Google Pushes Back Against Data Localization

JANUARY 24, 2014, 6:28 PM  2 Comments

Google Pushes Back Against Data Localization

By CLAIRE CAIN MILLER

The big tech companies have put forth a united front when it comes to pushing back against the government after revelations of mass surveillance. But their cooperation goes only so far.

Microsoft this week suggested that it would deepen its existing efforts to allow customers to store their data near them and outside the United States. Google, for its part, has been fighting this notion of so-called data localization.

“If data localization and other efforts are successful, then what we will face is the effective Balkanization of the Internet and the creation of a ‘splinternet’ broken up into smaller national and regional pieces, with barriers around each of the splintered Internets to replace the global Internet we know today,” Richard Salgado, Google’s director of law enforcement and information security, told a congressional panel in November.

Data crisscrosses the globe among data centers, and companies often store redundant copies of data in different places in case of natural disaster or technical failure. In most cases, companies cannot even pinpoint precisely where certain data is located.

At the same time, the United States government is tapping the fiber-optic network that connects data centers worldwide, according to leaked documents. So even if data is stored outside the United States, it could be intercepted during its travels.

Still, Microsoft and other tech companies are trying to prevent foreign customers from switching to services outside the United States. In the next three years, the cloud computing industry could lose $180 billion, 25 percent of its revenue, because of such defections, according to Forrester, a  research company.

Yet even though Google faces these same risks and requests from foreign customers, its policy position is for surveillance reform instead of data localization, according to a person briefed on Google’s policy who would speak only anonymously.

Though Google at one time tried to offer customers the ability to store their data in one location in response to requests, it does not offer that feature now because it determined it was illogical, the person said. Google decided data is more secure if it is stored in multiple locations and that storing it in one location slows Google services and makes accessing the data less convenient for customers, the person said.

Mr. Salgado said a proposed law in Brazil that would require all data of Brazilian citizens and companies to be stored in the country would be so difficult to comply with that Google “could be barred from doing business in one of the world’s most significant markets.”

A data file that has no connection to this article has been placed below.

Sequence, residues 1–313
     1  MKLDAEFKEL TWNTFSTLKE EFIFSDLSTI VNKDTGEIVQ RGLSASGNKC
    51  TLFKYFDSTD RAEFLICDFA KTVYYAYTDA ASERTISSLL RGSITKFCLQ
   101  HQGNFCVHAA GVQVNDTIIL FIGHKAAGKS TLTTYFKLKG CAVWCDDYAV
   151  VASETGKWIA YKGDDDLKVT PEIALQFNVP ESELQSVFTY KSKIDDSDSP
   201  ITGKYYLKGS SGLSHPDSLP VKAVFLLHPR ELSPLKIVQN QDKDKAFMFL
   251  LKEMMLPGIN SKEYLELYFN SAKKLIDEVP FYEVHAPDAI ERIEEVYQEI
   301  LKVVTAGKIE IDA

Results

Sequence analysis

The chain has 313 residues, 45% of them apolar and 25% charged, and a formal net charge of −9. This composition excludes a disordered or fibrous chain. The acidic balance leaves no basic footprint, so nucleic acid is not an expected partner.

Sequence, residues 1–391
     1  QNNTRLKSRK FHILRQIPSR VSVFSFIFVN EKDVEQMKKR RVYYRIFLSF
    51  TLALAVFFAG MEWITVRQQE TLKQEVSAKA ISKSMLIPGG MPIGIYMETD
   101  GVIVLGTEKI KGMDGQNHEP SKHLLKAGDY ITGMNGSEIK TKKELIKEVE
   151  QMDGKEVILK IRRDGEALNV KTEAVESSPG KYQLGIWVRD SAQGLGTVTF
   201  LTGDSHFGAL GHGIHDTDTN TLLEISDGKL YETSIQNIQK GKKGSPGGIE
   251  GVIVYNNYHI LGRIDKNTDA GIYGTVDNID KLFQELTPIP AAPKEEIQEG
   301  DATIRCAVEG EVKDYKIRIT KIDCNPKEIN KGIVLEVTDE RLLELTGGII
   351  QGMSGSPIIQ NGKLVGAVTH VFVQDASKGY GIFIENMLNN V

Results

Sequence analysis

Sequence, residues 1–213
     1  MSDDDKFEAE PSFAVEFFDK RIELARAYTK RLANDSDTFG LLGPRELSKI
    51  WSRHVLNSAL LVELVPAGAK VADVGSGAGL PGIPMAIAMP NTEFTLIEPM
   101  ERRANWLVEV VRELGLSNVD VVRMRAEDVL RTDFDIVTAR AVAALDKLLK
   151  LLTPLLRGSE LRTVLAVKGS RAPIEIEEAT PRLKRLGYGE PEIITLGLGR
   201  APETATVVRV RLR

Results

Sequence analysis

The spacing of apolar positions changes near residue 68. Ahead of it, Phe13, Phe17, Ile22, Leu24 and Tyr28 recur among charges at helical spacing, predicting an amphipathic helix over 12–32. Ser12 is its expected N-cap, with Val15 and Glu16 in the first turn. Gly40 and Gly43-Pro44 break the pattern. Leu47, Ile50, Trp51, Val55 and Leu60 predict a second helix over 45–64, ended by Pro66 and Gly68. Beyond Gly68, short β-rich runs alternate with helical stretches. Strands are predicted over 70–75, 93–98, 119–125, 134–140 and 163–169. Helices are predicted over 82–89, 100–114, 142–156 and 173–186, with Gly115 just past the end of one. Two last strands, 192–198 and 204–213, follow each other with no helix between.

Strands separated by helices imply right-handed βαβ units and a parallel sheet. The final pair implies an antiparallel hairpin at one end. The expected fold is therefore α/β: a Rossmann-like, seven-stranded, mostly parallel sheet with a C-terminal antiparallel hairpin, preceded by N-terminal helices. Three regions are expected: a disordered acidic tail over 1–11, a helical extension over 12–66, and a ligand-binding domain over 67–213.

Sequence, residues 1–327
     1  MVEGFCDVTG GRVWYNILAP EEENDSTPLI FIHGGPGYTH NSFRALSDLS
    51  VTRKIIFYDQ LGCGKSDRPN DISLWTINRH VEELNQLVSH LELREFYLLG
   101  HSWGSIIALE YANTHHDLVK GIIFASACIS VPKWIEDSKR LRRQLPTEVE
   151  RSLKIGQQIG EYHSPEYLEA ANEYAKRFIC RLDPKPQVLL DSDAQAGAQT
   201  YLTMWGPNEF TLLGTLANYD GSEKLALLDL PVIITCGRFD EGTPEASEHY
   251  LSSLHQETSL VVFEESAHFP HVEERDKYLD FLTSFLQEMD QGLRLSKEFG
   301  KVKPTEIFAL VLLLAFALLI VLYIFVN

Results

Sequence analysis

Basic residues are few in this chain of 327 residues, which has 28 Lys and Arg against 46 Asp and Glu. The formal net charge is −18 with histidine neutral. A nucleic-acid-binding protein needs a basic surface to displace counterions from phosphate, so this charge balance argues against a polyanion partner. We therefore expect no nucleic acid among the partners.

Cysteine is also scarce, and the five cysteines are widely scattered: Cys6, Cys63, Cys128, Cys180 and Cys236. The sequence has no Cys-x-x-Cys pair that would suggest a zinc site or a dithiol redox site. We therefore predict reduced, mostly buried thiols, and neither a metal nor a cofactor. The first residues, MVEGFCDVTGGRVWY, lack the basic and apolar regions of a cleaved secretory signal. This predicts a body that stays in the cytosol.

About bambooinnovator
Kee Koon Boon (“KB”) is the co-founder and director of HERO Investment Management which provides specialized fund management and investment advisory services to the ARCHEA Asia HERO Innovators Fund (www.heroinnovator.com), the only Asian SMID-cap tech-focused fund in the industry. KB is an internationally featured investor rooted in the principles of value investing for over a decade as a fund manager and analyst in the Asian capital markets who started his career at a boutique hedge fund in Singapore where he was with the firm since 2002 and was also part of the core investment committee in significantly outperforming the index in the 10-year-plus-old flagship Asian fund. He was also the portfolio manager for Asia-Pacific equities at Korea’s largest mutual fund company. Prior to setting up the H.E.R.O. Innovators Fund, KB was the Chief Investment Officer & CEO of a Singapore Registered Fund Management Company (RFMC) where he is responsible for listed Asian equity investments. KB had taught accounting at the Singapore Management University (SMU) as a faculty member and also pioneered the 15-week course on Accounting Fraud in Asia as an official module at SMU. KB remains grateful and honored to be invited by Singapore’s financial regulator Monetary Authority of Singapore (MAS) to present to their top management team about implementing a world’s first fact-based forward-looking fraud detection framework to bring about benefits for the capital markets in Singapore and for the public and investment community. KB also served the community in sharing his insights in writing articles about value investing and corporate governance in the media that include Business Times, Straits Times, Jakarta Post, Manual of Ideas, Investopedia, TedXWallStreet. He had also presented in top investment, banking and finance conferences in America, Italy, Sydney, Cape Town, HK, China. He has trained CEOs, entrepreneurs, CFOs, management executives in business strategy & business model innovation in Singapore, HK and China.

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